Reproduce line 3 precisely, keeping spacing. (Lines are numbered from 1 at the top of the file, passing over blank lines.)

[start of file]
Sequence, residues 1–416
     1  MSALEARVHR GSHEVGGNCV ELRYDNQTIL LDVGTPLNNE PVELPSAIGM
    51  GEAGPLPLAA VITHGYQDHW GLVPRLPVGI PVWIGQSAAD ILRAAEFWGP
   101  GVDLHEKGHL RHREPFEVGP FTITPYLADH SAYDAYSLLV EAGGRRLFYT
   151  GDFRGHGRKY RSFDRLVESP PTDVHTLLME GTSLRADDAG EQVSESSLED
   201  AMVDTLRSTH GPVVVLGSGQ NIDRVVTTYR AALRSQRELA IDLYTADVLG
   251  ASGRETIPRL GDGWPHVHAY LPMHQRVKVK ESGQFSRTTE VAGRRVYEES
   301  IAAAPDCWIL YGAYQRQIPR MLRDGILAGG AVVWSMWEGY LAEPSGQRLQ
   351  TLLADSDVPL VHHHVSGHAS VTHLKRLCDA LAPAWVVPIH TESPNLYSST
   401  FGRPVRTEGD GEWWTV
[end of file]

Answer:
    51  GEAGPLPLAA VITHGYQDHW GLVPRLPVGI PVWIGQSAAD ILRAAEFWGP